“There is always the inflection point in a drawing-the point at which it takes on its own presence and becomes more than its content. There is also the point where others view it and it becomes their image. I know that if I create art, these points will occur, and I can work to control part of the process leading up to these points. Ultimately, however, not all of it is mine to control.” Mary Shindell
Mary explains Vector and Pixel files to me and another gallery visitor. And while I understand some things, I don’t understand all of what she says. To make it clear she describes how her lines are made. A Vector file makes a clean, intense line, she says as she shows me one and compares it to a pixellated line. Once I see the quality of the line, I understand. We discuss her digital drawings and compare them to traditional printmaking, both in quality and process. I suggest she teach a class ( teach me is what I really think).
There are three large works on paper, on the east wall of the gallery. Each of the compositions stands as a unique work though they connect directly through process. One design uses the other, and then again. Mary draws with graphite, inks, gouache, and she also draws using her computer.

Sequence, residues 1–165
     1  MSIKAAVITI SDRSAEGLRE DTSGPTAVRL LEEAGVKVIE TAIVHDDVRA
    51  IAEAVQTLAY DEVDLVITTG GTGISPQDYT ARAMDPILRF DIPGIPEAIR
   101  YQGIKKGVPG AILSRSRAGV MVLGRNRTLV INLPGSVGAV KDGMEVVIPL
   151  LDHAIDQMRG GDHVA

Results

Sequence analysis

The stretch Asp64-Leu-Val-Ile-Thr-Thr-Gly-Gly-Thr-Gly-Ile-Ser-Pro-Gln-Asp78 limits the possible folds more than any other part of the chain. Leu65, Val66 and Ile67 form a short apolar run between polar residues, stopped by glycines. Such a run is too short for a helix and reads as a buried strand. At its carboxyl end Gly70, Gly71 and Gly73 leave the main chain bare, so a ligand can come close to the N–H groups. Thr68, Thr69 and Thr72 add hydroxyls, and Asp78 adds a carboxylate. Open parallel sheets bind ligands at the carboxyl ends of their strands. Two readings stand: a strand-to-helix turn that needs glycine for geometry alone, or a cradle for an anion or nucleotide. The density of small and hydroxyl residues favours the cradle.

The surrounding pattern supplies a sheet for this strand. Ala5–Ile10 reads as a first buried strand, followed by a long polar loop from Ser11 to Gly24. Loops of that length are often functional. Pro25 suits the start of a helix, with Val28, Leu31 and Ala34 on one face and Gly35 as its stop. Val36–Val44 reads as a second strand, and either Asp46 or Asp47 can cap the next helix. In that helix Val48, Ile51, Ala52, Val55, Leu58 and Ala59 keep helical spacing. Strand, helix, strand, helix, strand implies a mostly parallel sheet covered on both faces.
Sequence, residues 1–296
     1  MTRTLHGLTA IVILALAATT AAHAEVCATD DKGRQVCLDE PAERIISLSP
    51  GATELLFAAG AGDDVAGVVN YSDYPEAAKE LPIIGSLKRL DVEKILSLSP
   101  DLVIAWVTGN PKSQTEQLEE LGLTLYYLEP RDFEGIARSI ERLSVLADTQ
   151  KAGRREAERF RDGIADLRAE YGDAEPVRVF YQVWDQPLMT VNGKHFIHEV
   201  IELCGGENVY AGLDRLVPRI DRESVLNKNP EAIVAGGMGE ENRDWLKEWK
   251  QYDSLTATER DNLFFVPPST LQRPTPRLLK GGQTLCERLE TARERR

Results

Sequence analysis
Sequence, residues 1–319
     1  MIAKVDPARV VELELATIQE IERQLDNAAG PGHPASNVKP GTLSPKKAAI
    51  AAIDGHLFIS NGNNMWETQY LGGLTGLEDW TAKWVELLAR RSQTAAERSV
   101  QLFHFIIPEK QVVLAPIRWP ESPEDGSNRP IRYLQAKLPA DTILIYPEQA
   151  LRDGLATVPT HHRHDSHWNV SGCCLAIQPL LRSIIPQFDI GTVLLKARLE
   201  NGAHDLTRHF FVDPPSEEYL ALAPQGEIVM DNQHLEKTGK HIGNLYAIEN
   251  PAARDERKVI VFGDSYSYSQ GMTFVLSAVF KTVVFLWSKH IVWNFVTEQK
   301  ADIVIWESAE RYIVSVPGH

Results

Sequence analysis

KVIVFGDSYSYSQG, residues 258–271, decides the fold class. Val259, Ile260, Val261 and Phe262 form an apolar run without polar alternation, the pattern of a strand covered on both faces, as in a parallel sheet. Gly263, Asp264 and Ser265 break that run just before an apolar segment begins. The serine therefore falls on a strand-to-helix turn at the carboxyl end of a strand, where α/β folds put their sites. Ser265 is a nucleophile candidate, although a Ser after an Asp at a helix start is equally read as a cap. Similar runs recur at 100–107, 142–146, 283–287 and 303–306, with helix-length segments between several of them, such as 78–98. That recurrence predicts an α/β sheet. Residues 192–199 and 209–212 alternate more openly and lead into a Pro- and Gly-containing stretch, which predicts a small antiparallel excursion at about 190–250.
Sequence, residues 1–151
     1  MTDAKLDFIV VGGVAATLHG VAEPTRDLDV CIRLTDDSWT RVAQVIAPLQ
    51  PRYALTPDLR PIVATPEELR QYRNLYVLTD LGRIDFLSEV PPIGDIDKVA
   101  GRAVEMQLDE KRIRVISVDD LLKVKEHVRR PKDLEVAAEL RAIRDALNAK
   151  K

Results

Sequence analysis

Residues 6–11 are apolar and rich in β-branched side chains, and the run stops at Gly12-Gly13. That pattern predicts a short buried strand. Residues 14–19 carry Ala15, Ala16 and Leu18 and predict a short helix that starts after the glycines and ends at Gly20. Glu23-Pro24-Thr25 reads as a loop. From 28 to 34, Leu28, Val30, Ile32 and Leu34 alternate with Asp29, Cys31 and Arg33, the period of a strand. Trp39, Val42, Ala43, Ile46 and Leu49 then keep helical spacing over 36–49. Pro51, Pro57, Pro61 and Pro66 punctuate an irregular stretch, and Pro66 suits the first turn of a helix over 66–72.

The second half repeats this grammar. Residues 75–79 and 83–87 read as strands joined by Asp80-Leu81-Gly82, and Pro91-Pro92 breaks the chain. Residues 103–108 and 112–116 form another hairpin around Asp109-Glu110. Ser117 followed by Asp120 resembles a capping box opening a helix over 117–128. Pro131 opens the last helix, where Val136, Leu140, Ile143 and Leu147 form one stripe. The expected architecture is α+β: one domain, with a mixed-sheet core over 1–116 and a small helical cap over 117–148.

Below are details from the large 42 x 42″ works on paper. Can you see how they connect? One is a digital photo of the original graphite drawing. The second is the original graphite drawing with added media, all completed by hand. The last one is computer generated and uses the other two.
Note: My photos are not perfectly aligned. I shoot the right side (first 3) and then the left (next 3 of the drawings.
Mary places the viewer above the work. We hover perhaps in space, and see the top view of a multi-layered landscape that in this case includes: the moon, the Estrella Mountains, and the beautiful Arizona flora.
I look closely at the work and identify elements but then I have to stand back to take it all in. The brilliant details captivate.
Along the west wall Mary shows a series of small drawings and digital prints. She explains she works things out on these smaller works in between stages of the larger works. Here are photos of two and a detail shot of a third.
I ask Mary about the title of the exhibition, Inflection Point. She explains the mathematical term. An inflection point is a point on a curve at which the curve changes from being convex to concave. I understand, I am familiar with the concept. She identifies it as a changing point, a point of transition.
I’ve known Mary for a long time – she continues to mesmerize me with her curiosity, her attention to detail and her growing skills. She is always on to something new and wonderful.
I will drop in to see the exhibition one more time – in case I missed anything.
Inflection Point drawings opened this First Friday and will run to the end of the month.
Who: Mary Shindell
What: Inflection Point drawings
Where: 515 arts – 515 East Roosevelt, Phoenix, AZ 85004
When: 1/2/2015 – 1/31/2015 (artist’s reception 1/16/2015)